Menthol cigarette use by youth smokers is of concern. The 2012-2013 Youth Smoking Survey found that menthol cigarette smoking is most prevalent among Canadian youth who are current tobacco smokers. Current youth smokers represent approximately 4% or more than 114,000 Canadian youth with 37% of those reported having used menthol cigarette in the last 30 days. While no specific data is available on the proportion of youth who use cigars and blunt wraps that contain menthol, the demonstrated interest of youth in menthol cigarettes, and in flavoured tobacco products in general, makes it is reasonable to infer that youth would find them appealing as well.

In 2014, the reported wholesale value of menthol cigarettes and cigars accounted for approximately $306 million, representing almost 5% of the total tobacco market with menthol cigarettes making up 98% of this amount. No data on blunt wraps sales are available, as they do not have to be reported to the Department of Health.

The Partial Guidelines for implementation of Articles 9 and 10 of the World Health Organization Framework Convention on Tobacco Control, a treaty ratified by Canada in 2004, provide guidance to the Parties to this Convention on, among other things, the regulation of the contents of tobacco products to reduce their attractiveness. These Guidelines state that "masking tobacco smoke harshness with flavours contributes to promoting and sustaining tobacco use" and recognize that menthol is one of many flavouring substances used for this purpose.

Proposed amendment

The Schedule to the Tobacco Act lists certain additives, including most flavouring additives, which are prohibited from use in the manufacture of cigarettes, blunt wraps and most cigars. Menthol is specifically excluded from the list of prohibited additives. The Department of Health is proposing to amend the Schedule to remove the exception for menthol thereby prohibiting its use, on the basis that menthol contributes to making these tobacco products more appealing to youth.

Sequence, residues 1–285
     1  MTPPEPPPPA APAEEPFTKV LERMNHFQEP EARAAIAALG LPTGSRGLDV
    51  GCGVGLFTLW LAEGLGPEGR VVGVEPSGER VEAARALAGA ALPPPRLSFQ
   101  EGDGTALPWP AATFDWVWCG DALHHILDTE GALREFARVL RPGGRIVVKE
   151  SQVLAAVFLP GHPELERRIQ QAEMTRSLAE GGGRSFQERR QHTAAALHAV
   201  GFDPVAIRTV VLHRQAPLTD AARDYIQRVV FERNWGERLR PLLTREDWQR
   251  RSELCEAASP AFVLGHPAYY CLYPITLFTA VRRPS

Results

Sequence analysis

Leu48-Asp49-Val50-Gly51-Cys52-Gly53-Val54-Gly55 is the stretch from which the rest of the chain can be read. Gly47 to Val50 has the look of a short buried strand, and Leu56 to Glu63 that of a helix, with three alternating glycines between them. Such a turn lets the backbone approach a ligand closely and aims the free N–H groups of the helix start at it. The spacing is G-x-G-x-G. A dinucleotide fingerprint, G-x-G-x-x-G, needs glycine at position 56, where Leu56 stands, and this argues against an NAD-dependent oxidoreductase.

The amendment under consideration is as follows:

  • The exception for menthol set out in the list of prohibited additives would be removed, resulting in its prohibited use in the manufacture and sale of cigarettes, blunt wraps and most cigars (little cigars, cigars with tipping paper, cigars with a wrapper that is not fitted in spiral form and cigars weighing more than 1.4 g but less than 6 g, excluding the weight of any mouthpiece or tip).  Removing the exception for menthol would also mean that the packaging and sale of these products would be prohibited where their packaging suggests, including through illustrations, that it contains menthol.

Submitting comments

The publication of this notice begins a 30-day comment period. There will be further opportunities to provide comments throughout the federal regulatory process. Comments received in response to this notice will be used to inform Health Canada's policy and to enhance the proposed amendments.

Stakeholders and interested parties are requested to provide their comments to the Manager, Regulations Division, Tobacco Products Regulatory Office, Tobacco Control Directorate, Healthy Environments and Consumer Safety Branch, Health Canada, in electronic format (Microsoft Word or Adobe Acrobat) to hc.pregs.sc@canada.ca or by mail at Address Locator 0301A, Tunney's Pasture, Ottawa, Ontario K1A 0K9.

Suzy McDonald
Director General
Tobacco Control Directorate
Healthy Environments and Consumer Safety Branch